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Early, steady investment in wind, solar best way to decarbonize economy

Significantly scaling up wind and solar energy -- sooner and faster -- is key to preventing catastrophic increases in global temperatures, researchers say. panels on a roof top. File Photo by Craig Russell/Shutterstock
Significantly scaling up wind and solar energy -- sooner and faster -- is key to preventing catastrophic increases in global temperatures, researchers say. panels on a roof top. File Photo by Craig Russell/Shutterstock

Dec. 4 (UPI) -- To decarbonize the economy, European researchers recommend early, steady efforts to "electrify" economic sectors with wind and solar energy.

For the study, researchers at Aarhus University used high-resolution data to model the decarbonization of the sector-coupled European energy system -- that is the energy that heats and cools buildings, fuels transport and powers industry.

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To meet the Paris Agreement target of limiting global warming to 1.5 degrees Celsius, economies around the world must find a way to wean themselves off fossil fuels and replace dirty energy sources with green power, researchers say.

The authors of the latest study -- published Friday in the journal Nature Communications -- already knew as much. What they wanted to figure out is whether or not there was an ideal strategy for rolling out green energy investment.

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To find out, researchers used Aarhus University's supercomputer PRIME to simulate the modification of the energy system's interconnected sectors.

"We ask the question of which energy strategy to employ in order to reach the 2050 goal. We have a 'carbon budget' -- a maximum amount of CO2 we can emit -- and how do we make sure, that by 2050 we reach climate-neutrality in the cheapest and most feasible way?" lead study author Marta Victoria said in a news release.

The models designed by Victoria and her colleagues considered two basic strategies: early and steady or late and rapid.

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"Our model clearly shows that the cost optimized solution is to act now -- to be ambitious in the short term. And we find solar energy and onshore and offshore wind to be the cost optimized cornerstone in a fully decarbonized 2050 energy system," said Victoria, a photovoltaics expert and assistant professor in the engineering department at Aarhus.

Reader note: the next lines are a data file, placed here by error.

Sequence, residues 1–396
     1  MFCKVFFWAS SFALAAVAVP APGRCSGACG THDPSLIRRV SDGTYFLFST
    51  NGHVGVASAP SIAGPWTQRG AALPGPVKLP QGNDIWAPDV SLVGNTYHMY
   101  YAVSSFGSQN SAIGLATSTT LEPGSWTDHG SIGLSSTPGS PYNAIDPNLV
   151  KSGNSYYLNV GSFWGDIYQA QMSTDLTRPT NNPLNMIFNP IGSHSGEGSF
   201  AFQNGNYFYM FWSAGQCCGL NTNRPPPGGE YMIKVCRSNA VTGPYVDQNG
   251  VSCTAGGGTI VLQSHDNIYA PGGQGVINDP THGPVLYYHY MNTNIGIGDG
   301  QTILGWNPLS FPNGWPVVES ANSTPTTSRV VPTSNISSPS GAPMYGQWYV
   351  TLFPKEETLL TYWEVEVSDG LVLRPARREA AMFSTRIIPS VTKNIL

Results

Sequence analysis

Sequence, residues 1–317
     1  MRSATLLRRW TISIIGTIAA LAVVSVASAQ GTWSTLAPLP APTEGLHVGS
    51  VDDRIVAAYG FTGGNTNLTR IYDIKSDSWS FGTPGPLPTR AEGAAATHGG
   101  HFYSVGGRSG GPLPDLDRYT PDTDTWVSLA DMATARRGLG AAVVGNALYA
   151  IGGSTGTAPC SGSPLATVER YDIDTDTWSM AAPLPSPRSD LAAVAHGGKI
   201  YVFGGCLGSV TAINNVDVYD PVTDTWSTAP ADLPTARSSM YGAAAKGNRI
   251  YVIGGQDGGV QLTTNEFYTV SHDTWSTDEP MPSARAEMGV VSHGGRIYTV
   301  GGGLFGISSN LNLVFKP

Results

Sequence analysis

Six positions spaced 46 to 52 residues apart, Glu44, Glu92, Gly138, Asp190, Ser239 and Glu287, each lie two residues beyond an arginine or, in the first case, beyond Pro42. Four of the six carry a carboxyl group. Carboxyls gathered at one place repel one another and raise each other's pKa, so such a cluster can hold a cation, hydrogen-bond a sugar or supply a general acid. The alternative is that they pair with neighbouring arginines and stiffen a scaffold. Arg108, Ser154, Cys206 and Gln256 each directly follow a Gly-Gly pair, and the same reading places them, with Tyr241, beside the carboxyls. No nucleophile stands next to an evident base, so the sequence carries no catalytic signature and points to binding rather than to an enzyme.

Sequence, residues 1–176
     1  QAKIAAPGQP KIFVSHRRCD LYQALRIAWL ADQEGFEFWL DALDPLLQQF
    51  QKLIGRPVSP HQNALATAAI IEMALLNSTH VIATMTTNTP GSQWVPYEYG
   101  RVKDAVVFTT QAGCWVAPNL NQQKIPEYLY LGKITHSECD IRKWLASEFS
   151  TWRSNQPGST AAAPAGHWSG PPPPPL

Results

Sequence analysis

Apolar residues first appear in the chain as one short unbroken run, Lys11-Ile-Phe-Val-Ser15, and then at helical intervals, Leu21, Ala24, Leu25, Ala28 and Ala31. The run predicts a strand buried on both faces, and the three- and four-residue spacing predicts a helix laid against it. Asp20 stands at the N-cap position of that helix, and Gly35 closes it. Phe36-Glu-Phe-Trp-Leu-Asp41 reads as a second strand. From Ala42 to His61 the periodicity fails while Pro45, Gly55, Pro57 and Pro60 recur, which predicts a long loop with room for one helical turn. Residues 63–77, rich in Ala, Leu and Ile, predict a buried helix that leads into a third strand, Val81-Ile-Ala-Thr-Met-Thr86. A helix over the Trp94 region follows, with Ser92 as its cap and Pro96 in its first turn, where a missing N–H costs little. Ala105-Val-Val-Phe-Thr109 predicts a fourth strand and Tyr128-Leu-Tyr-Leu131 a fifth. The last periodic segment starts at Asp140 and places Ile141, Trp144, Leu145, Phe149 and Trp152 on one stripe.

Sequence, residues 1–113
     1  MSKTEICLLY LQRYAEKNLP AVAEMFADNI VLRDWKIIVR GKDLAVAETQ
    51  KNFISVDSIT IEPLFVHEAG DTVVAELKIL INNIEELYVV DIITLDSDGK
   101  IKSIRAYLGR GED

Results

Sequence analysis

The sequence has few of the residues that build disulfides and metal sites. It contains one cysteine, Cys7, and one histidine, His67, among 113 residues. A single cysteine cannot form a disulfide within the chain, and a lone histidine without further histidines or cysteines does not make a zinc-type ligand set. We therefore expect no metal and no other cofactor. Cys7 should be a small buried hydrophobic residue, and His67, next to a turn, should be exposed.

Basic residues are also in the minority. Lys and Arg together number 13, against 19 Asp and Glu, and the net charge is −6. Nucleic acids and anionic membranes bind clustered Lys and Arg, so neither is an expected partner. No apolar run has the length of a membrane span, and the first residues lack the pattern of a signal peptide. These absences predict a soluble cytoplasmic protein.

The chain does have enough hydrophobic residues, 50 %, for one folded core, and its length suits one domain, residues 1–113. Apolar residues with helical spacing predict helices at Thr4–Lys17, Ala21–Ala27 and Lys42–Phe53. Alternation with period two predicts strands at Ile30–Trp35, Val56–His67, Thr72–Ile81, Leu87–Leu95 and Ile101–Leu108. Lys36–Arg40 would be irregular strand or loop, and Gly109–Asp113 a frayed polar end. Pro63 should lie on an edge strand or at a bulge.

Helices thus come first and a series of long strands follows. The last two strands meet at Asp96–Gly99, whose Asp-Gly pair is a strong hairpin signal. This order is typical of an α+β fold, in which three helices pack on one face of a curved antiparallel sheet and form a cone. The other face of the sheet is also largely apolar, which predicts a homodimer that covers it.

Victoria acknowledged that, whether steadily or rapidly, decarbonizing the economy will a significant challenge. Even the early and steady strategy will require periods of aggressive -- rapid, even -- installation and adoption of wind and solar energy.

"In some years, we will have to install more than a 100 Gigawatts of solar PV and wind power, and to achieve full decarbonization the CO2 prices will have to be a lot higher than today," she said.

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For this transition from fossil fuels to green energy to make economic sense, researchers suggest the price of carbon will need to be rather quickly increased.

And even as more and more wind and solar power sources are brought online, the energy system will still need to rely on gas power during so-called "nightmare weeks" when frigid temperatures trigger peaks in energy demands.

"District heating systems are efficient for very cold and critical periods where electricity demand and heating demand is high, but wind and solar energy production is low," Victoria said. "Large hot water tanks discharge during those weeks. This way we make sure, that the future energy systems works for every possible scenario."

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